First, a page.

On October 30, we published a new version for both DataStax C# drivers, version 3.12.0 of the DataStax C# Driver for Apache Cassandra™ and version 2.9.0 of the DataStax Enterprise C# Driver, that includes the latest metrics feature. This blog post will help you quickly get started with this new feature.

Getting Started

Metrics are disabled by default. To enable this feature, client applications need to provide a metrics provider implementation. DataStax offers an implementation based on App.Metrics, but you can also implement your own metrics provider and plug it in.

In this post, I’m going to show you how to run a simple console application that exports the driver metrics to Graphite using our extension based on App.Metrics and how to set up a Grafana dashboard that queries the driver metrics on Graphite. To set up Graphite and Grafana you will need Docker.

You will also need a running Cassandra-compatible cluster. I’m running a cluster locally so I’ll be using the 127.0.0.1 address as a contact point.

Launch Graphite Docker Container

Let’s start by launching a Graphite Docker container to which the driver will export metrics:

docker run -d --name graphite -p 80:80 -p 2003-2004:2003-2004 -p 2023-2024:2023-2024 -p 8125:8125/udp -p 8126:8126 graphiteapp/graphite-statsd

If you are already using port 80, then you need to change the port mapping on the previous command.

Create Project and Install the Required Packages

The snippets here use the .NET Core CLI; you can download the .NET Core SDK here.

First, let’s create a C# console application. The following command creates a project in the current directory so you might want to create a new directory before running this command:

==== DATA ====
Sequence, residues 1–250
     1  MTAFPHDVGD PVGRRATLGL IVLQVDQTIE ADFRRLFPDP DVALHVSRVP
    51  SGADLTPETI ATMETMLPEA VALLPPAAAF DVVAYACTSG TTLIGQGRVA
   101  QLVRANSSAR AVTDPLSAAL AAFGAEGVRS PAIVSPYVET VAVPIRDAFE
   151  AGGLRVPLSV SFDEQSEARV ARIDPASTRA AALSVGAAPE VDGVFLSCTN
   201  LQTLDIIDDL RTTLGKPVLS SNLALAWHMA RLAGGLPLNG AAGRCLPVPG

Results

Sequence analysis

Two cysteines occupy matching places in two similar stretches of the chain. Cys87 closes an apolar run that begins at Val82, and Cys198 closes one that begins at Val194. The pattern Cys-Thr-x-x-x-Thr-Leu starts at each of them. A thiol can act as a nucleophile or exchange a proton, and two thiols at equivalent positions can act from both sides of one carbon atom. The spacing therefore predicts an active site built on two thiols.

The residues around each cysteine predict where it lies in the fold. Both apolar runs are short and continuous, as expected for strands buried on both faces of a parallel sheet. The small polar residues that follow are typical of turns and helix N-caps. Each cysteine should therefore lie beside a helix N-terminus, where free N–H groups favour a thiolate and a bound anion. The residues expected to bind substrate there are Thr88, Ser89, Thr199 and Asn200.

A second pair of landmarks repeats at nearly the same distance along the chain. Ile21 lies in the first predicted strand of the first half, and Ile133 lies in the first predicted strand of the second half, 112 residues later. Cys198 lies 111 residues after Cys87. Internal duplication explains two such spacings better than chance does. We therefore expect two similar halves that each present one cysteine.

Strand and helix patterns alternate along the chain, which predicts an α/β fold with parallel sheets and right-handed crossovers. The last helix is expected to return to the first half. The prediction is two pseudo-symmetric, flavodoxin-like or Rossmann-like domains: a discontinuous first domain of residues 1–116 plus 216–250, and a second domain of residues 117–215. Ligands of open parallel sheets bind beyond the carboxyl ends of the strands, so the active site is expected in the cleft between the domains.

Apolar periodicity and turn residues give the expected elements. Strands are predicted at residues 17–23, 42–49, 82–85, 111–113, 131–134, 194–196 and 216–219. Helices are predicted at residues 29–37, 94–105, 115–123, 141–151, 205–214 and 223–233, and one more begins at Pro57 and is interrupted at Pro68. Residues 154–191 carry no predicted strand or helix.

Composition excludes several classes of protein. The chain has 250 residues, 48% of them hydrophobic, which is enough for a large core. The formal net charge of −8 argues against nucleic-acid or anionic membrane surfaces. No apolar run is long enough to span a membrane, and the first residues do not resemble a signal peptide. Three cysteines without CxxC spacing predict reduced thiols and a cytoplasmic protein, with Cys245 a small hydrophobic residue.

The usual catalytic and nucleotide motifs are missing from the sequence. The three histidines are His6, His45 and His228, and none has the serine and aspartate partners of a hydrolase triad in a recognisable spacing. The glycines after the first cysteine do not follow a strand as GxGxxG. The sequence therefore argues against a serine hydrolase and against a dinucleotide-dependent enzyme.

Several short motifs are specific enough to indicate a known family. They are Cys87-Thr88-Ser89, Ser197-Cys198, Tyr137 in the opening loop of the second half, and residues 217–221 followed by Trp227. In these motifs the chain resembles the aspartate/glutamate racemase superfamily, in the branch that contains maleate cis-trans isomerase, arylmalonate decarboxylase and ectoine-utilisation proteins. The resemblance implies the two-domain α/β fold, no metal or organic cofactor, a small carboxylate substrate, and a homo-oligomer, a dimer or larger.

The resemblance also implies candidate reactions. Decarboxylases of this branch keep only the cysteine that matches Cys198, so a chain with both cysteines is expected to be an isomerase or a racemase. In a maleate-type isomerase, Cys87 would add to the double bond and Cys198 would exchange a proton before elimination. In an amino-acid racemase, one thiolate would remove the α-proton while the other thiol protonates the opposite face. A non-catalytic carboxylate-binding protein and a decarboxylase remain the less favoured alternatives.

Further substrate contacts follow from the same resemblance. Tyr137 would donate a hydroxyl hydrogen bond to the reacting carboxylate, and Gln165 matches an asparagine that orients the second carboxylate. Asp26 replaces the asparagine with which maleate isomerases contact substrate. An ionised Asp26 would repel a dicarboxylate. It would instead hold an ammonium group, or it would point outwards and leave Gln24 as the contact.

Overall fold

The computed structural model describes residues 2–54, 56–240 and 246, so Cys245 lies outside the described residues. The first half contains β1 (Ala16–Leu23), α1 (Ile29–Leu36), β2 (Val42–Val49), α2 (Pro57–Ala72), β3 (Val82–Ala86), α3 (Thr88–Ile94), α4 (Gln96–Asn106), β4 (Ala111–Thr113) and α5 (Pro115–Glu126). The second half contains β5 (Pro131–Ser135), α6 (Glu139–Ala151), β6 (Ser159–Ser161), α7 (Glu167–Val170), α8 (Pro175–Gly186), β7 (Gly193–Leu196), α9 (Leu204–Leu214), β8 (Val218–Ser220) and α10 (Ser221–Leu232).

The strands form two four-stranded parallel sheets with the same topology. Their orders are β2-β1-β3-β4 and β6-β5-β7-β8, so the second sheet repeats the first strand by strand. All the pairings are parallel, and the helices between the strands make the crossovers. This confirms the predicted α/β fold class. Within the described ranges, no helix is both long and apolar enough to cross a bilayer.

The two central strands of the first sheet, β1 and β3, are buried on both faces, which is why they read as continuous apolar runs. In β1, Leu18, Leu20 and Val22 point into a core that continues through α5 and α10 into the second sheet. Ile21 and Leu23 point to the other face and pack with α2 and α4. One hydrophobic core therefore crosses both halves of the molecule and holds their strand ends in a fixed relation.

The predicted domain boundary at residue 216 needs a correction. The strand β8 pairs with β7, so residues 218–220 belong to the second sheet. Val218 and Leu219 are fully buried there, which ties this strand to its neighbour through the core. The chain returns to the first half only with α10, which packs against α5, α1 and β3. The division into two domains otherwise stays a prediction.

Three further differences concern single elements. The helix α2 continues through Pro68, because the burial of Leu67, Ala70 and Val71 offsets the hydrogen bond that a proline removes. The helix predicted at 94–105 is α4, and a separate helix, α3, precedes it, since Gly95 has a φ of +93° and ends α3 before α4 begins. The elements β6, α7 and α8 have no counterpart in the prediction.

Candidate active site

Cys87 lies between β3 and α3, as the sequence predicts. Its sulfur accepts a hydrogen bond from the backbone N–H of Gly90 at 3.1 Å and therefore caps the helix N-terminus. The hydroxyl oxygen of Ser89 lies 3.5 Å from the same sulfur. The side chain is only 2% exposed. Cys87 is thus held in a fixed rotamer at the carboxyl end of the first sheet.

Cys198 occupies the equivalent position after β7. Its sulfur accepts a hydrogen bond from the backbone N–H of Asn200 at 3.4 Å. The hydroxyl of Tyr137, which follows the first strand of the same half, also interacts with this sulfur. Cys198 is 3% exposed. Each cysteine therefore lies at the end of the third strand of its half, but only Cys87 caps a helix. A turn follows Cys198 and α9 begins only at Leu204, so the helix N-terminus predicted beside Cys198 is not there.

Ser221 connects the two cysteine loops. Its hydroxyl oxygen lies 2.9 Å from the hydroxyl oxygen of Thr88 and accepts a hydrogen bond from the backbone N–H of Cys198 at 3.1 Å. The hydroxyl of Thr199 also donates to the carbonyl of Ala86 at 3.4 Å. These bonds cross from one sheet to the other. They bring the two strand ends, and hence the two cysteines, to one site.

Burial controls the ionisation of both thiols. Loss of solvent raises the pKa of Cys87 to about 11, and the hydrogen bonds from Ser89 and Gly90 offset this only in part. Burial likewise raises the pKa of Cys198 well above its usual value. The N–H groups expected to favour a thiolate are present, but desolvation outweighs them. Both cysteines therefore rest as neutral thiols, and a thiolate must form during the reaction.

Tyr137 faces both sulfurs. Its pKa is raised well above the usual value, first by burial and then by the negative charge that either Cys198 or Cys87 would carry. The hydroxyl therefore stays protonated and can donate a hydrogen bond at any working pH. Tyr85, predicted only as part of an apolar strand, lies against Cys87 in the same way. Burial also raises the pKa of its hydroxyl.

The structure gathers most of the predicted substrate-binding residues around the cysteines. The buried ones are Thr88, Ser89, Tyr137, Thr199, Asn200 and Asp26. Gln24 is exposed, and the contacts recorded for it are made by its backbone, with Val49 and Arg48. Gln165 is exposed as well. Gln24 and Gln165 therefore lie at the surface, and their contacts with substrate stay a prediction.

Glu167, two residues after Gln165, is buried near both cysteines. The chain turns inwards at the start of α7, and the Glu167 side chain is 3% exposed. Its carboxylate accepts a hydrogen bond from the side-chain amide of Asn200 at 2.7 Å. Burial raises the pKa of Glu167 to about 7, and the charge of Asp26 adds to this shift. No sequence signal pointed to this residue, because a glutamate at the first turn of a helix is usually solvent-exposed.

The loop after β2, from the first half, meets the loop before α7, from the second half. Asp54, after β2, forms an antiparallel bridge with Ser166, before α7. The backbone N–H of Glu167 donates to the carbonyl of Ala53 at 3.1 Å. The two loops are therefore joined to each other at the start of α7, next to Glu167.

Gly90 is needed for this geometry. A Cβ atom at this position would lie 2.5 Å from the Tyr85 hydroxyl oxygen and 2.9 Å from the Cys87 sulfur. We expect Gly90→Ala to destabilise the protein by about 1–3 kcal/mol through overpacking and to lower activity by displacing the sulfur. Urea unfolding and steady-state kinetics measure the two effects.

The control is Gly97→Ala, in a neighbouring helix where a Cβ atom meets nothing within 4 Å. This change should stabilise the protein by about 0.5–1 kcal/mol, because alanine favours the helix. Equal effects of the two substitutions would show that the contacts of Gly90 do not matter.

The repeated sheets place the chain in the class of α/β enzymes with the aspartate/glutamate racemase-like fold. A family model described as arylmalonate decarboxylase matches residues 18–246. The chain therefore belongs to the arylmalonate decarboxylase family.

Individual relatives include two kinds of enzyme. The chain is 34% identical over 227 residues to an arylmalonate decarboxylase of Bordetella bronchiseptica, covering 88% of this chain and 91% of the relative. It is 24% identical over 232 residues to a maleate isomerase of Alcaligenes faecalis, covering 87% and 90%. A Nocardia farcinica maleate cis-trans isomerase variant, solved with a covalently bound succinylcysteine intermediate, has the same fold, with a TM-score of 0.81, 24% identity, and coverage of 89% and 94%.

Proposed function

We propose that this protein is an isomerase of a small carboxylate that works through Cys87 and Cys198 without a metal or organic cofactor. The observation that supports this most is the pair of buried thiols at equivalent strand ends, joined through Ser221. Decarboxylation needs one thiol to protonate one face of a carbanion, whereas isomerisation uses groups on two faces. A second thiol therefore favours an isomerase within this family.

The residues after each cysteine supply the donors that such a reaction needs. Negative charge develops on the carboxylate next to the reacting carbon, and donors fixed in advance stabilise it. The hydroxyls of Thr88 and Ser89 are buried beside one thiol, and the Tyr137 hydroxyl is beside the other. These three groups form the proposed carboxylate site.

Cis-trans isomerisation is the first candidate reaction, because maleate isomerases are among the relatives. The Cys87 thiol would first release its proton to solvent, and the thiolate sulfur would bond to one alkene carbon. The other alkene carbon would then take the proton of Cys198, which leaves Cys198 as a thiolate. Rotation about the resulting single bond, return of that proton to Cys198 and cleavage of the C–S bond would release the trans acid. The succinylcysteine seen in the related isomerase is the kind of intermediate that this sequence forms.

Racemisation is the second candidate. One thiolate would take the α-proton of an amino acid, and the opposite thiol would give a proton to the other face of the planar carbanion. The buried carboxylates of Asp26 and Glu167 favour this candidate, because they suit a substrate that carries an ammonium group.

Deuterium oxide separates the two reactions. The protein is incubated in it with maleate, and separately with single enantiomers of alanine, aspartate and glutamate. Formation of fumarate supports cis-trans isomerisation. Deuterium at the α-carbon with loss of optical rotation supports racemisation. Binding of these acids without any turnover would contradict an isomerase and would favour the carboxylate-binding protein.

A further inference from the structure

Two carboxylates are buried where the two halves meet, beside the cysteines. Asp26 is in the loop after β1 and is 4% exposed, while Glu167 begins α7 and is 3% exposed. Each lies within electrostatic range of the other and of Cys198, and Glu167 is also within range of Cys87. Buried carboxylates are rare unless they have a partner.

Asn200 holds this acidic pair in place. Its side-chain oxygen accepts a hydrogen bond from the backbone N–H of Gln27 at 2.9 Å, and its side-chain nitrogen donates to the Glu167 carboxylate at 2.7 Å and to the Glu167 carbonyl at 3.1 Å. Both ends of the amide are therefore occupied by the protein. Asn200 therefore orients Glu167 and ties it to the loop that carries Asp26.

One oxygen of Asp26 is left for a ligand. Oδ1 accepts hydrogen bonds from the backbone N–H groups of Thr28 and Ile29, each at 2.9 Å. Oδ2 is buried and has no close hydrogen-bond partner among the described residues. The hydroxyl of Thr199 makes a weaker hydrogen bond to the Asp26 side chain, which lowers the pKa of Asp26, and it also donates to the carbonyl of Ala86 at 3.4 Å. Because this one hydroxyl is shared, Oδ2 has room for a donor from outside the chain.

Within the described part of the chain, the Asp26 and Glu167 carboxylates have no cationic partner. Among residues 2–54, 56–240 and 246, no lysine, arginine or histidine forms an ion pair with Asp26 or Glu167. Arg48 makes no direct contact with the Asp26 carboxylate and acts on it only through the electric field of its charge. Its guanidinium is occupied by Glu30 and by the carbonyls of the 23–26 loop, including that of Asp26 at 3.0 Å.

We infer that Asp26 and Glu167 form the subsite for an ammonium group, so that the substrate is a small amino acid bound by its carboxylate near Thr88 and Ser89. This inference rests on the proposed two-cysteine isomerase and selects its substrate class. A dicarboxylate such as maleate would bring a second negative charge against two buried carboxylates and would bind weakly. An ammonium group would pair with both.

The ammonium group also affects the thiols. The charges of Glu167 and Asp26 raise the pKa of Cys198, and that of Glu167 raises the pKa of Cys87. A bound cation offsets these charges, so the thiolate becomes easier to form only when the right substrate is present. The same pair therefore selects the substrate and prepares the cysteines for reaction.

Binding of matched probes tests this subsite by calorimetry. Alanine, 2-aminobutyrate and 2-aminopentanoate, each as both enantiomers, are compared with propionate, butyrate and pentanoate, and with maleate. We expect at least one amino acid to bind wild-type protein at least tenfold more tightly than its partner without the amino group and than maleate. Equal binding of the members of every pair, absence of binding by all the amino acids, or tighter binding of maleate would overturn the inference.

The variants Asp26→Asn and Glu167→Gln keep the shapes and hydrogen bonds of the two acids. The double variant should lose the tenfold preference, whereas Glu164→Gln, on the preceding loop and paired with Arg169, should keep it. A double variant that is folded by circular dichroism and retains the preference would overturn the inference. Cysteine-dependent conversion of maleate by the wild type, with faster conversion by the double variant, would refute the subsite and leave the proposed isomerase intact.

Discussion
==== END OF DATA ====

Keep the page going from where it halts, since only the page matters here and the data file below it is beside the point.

dotnet new console

To get started with the DataStax C# driver for Cassandra in a C# project, install the driver package:

dotnet add package CassandraCSharpDriver -v 3.*

To use the DataStax metrics provider based on App.Metrics, install the extension package:

dotnet add package CassandraCSharpDriver.AppMetrics

The extension package depends on App.Metrics.Abstractions but not the App.Metrics core package, so you will need to install it in your application in order to use this library:

dotnet add package App.Metrics -v 3.2.0

In this example, we will export metrics to Graphite, so let’s install an App.Metrics extension package that integrates App.Metrics with Graphite:

dotnet add package App.Metrics.Reporting.Graphite -v 3.2.0

Configuring App.Metrics

Open Program.cs in your preferred editor and add the following snippet to the Main method:

var metrics = new MetricsBuilder()
    .Report.ToGraphite("net.tcp://127.0.0.1:2003")
    .Build();

The previous snippet configures an App.Metrics’ IMetricsRoot object with the Graphite reporter.

You also need to start the reporter. This can be done using a Task-based scheduler that App.Metrics provides like this:

var scheduler = new AppMetricsTaskScheduler(
           TimeSpan.FromMilliseconds(10000),
           async () => { await Task.WhenAll(metrics.ReportRunner.RunAllAsync()); });

scheduler.Start();

Note that in this example, the reporter is reporting metrics to Graphite every 10 seconds.

Creating a Metrics-Enabled Session

To create a driver session with the default metrics enabled, you can add the following snippet to the Main method in Program.cs:

var session = Cluster.Builder()            
            // cassandra running on localhost
            .AddContactPoint("127.0.0.1")
            .WithMetrics(metrics.CreateDriverMetricsProvider())
            .Build()
            .Connect();

And it’s done! You now have an application that is exporting the default driver metrics to Graphite. Just run the following to launch the application:

dotnet run

Note that in this example we haven’t included any code that executes requests. You can add something like this to generate some metrics data:

foreach (var i in Enumerable.Range(0, 20000))
{
    session.Execute("SELECT * FROM system.local");

Source Code of This Example

Here’s how the previous code snippets look when put together in a small console application:

using System;
using System.Diagnostics;
using System.Linq;
using System.Threading.Tasks;

using App.Metrics;
using App.Metrics.Scheduling;

using Cassandra;
using Cassandra.Metrics;

namespace DataStaxDemoMetrics
{
    internal class Program
    {
        public static void Main(string[] args)